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An unaccompanied bass solo by Zachary Pride precedes Winard Harper showing off on his drums wearing an unusual Ghanian vest jacket with primitive markings and a gold and black prayer cap on the opening number of the first set at the Jazz Standard on Tuesday, November 7th, 2000. Pianist Nick Rolfe joins in comping, hand percussionist Kevin Jones surprises us with his dexterity before Brian Horton and Patrick Rickman overlay a unison tenor flugelhorn statement on the Buster Williams tune “Tokudo”. Winard leans back so far that you would think he was going to fall backwards but he’s just reaching for inspiration that comes as consistent drum rolls that turn around his solo into the head. “Now, by George Cables is, “Circles” from our recent Savant release”. This moderate tempo piece has a lot going on and Brian Horton’s tenor is almost melodic with that sharp/flat tone that’s consistent with the contemporary scene but still clone-ish. Acapella, on a black and bronze trumpet, Patrick Rickman expounds on Bobby Timmons “Moanin’ by reminding us of all those sounds first heard played on the first jazz recording “Livery Stable Blues”, but it’s only an intro to this blues - full of stop-time and plunger mute moans & flares. During Nick’s piano solo the band clapped in unison on each back-beat, then it was back to the head done softly, softer, quieter until all we could hear were the wind instrumentalists breathing. Quite captivating and an effective ending to a superb number that must be seen to be enjoyed. “Ten years ago I saw “BLACK & BLUE” on Broadway and knew that I wanted to work with Carrie Smith, Mr. Harper announced, “a Georgia gal like many in my band please make welcome, Miss. Carrie Smith”. The tempo is fast and Miss. Carrie Smith (as she likes to be known) picks up “What A Little Moonlight Can Do For You”, right on the first “Ooo, Ooo, Ooo”. Her plaintive rendition of “Someday, You’ll Come Along, ‘The Man I Love’”, (she reveals is autobiographical), then in a rich contralto she enunciates a more swinging lyrical, smiling rendition than you would imagine Billy Holiday singing. Winard is visibly happy listening plus playing, establishing a pleasurable ambience that’s contagious. Surprisingly, Carrie segues on the final word “Love”, into, “I Loves You, Porgy”, at a mood changing slow tempo that again captivates this opening night audience. Returning for an encore, we hear “Lift Ev’ry Voice and Sing”, the Gospel anthem and a hand clapper with an infectious back-beat that includes a Patrick Rickman trumpet solo reflecting any Basie band trumpeter.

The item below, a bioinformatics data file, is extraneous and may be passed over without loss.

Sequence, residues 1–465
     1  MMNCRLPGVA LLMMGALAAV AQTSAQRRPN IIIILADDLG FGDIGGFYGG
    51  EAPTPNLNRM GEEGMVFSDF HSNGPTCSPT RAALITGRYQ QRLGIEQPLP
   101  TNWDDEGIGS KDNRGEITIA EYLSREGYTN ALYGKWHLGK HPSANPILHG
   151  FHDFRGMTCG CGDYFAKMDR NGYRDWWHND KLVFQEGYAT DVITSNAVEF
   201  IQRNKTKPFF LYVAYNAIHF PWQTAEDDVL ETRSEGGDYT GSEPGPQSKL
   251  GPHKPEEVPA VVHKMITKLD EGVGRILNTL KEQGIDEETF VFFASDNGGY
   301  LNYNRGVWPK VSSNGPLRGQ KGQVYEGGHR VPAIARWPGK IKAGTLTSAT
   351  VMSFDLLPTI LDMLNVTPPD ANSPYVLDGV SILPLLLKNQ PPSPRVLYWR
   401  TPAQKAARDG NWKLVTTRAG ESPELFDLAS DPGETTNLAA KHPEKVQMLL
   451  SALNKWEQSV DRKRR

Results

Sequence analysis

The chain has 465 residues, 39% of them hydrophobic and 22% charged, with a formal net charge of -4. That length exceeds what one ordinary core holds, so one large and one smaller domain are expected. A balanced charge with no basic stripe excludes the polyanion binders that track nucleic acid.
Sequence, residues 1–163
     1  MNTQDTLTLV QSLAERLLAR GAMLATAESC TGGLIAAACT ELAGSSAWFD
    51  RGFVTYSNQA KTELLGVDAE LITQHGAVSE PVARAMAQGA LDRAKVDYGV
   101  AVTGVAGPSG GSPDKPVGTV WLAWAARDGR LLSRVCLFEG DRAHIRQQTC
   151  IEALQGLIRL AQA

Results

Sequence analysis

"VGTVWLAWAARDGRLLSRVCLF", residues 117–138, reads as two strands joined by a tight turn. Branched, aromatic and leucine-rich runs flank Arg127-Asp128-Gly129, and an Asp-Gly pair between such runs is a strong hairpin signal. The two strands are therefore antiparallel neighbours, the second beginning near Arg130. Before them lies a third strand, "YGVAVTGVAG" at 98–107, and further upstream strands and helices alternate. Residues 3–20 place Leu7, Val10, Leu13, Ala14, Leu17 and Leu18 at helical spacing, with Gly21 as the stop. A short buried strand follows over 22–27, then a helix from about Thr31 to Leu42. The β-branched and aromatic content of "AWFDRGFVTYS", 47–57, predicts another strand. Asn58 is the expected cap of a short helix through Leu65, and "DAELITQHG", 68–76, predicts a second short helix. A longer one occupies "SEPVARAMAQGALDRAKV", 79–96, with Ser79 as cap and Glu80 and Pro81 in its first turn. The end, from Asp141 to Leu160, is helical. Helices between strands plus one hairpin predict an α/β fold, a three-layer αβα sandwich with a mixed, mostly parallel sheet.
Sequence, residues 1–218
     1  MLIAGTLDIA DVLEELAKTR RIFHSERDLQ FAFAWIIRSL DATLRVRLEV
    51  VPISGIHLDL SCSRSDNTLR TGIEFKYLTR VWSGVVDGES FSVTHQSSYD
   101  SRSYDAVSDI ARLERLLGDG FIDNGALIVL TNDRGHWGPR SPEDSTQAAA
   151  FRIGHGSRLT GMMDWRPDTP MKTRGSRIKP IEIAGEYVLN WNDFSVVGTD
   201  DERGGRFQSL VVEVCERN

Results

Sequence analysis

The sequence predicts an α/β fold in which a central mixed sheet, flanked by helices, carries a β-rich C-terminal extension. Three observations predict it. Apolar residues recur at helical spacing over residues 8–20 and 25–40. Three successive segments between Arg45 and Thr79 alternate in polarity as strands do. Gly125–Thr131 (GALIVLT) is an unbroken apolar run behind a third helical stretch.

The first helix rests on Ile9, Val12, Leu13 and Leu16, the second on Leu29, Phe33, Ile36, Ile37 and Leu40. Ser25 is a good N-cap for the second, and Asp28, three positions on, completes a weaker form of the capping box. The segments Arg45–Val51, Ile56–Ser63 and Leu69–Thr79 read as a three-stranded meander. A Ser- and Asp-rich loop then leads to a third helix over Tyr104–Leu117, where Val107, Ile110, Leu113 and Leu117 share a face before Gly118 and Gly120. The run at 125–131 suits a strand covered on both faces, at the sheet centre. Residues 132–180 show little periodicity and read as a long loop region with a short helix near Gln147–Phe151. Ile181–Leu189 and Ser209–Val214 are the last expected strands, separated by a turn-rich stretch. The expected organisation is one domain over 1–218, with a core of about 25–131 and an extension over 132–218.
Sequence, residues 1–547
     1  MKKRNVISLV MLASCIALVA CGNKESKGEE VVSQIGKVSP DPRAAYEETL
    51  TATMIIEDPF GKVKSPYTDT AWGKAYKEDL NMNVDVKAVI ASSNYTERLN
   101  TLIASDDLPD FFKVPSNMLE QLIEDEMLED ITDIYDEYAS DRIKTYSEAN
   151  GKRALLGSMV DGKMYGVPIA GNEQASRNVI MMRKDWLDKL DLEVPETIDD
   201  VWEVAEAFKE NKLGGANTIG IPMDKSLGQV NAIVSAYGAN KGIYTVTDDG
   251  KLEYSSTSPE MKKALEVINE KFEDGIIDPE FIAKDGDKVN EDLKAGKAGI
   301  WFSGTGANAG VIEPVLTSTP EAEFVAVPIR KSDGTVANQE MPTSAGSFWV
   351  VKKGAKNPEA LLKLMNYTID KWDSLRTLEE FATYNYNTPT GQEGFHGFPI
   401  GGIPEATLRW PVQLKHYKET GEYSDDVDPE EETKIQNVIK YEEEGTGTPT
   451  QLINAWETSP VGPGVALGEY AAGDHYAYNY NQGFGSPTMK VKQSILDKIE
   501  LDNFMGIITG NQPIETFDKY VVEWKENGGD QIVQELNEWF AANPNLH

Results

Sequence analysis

Although it’s more than an hour into this set Winard takes center stage on Baliphone, a wooden xylophone that he plays with two short rubber-tipped wooden mallets giving us a 15 minute ensemble of repetitive African rhythms sounding like the rarely used keys at the top of a piano.
Winard Harper has brought together a select group of musicians who can render many styles allowing this audience to enjoy the scope of musical ability. Carrie Smith only added more approachability to Winard Harper’s ensemble.
I love jazz because anything is possible; it has few rules and the best jazz breaks those ones. I prefer free improv because it doesn't really have any rules at all.
I was first exposed to jazz in my teens (in the late sixties).
The first jazz record I bought was Filles de Kilimanjaro by Miles Davis, shortly followed by Extrapolation by John McLaughlin.
My advice to new listeners is to listen as widely as possible and not to make snap judgments--stick with it.